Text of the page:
Overcome the Fear Factor: Networking for Introverts
Three Skills Introverts Can Develop
Nothing strikes more fear into the heart of an introvert than the advice: Go forth and network to grow your business, get a job or just be successful in whatever endeavor you are attempting. I should know. I’m an introvert.
Why Introverts are Naturals at Networking As introverts, we think that being asked to network means doing something that we are terrible at. We think that everyone else is a natural at networking, while we somehow missed out on the networking DNA. Nothing could be further from the truth. Networking is a learned skill, not an inherited ability. Introverts have unique abilities that make us exceptionally good at networking if we just get up our courage and dive in. Here’s why:
- We are naturally sensitive to other people and how they are feeling.
- We are better listeners. Bet you’ve been stuck in a conversation before with an extrovert who wouldn’t stop talking about themselves, right? Your eyes glaze over and you can’t wait to get away. Introverts won’t bore you with their own story. They’ll ask you about your story and they’ll care about you while they listen to it.
- We are usually more focused and prepared for an event. Because introverts are often nervous about networking, they tend to do their research: Who will be there? Who will they most likely have something in common with?
The Fear Factor If introverts are so good at networking why does it take an act of Congress to get us out and do it? There are several reasons why:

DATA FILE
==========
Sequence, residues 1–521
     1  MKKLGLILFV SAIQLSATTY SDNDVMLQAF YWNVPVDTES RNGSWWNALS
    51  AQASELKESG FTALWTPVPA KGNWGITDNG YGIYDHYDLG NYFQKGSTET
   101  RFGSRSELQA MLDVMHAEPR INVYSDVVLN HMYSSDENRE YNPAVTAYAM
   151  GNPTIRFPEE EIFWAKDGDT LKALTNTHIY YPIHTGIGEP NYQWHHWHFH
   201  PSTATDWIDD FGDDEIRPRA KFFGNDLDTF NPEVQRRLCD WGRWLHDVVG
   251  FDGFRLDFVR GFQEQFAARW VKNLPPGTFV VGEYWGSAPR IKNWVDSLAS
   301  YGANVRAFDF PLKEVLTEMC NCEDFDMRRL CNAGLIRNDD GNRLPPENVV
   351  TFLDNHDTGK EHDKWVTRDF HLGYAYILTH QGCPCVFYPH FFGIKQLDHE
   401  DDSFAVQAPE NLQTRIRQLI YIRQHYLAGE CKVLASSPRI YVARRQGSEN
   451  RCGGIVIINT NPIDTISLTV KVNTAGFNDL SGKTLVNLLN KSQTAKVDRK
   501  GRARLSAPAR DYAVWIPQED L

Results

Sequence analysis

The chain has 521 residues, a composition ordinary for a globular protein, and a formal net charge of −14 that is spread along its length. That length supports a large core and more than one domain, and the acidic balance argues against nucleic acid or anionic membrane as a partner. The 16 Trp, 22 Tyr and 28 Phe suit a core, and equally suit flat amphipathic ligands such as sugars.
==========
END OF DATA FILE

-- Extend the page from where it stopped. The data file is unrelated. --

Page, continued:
- We anticipate other’s feelings and decide in advance that we will be inadequate in some way. Introverts say things like, “Everyone else looks like they know what they are doing and I don’t.”
- We over-think the situation and worry about what to say. Introverts think, “Everyone else knows how to strike up a conversation and I’m at a loss.”
- We don’t like being the center of attention and feel awkward. Introverts think, “Everyone else is comfortable while I’m standing here like a fool.”
Three Skills to Develop How can we tap into our strengths and use the skills we already have in a networking situation?
- Change the focus. Shift the focus to others and their feelings and needs rather than focusing on your own.
- Create a plan. Decide in advance to approach x number of people and find out two things. Here are some suggestions:
- What do you do for a living?
- What is your biggest challenge in your business?
- How did you get started in your business?
- What do you like or not like about your business?
- Develop an elevator speech. This doesn’t have to be hard or complicated. Here are some examples:
- I write children’s books that help kids develop problem solving skills.
- I help clients create work they can love so they can do work that matters.
- Your turn:
You Can Do This Being an introvert uniquely qualifies you to be a networking genius. But your style and your technique will not look like the typical extrovert who dominates the room, talks to everyone present and leaves with a handful of random business cards. Work in your strengths and get to know a few people well. Concentrate on developing a relationship not an impression. I promise the experience will be rewarding for you and those that you touch.
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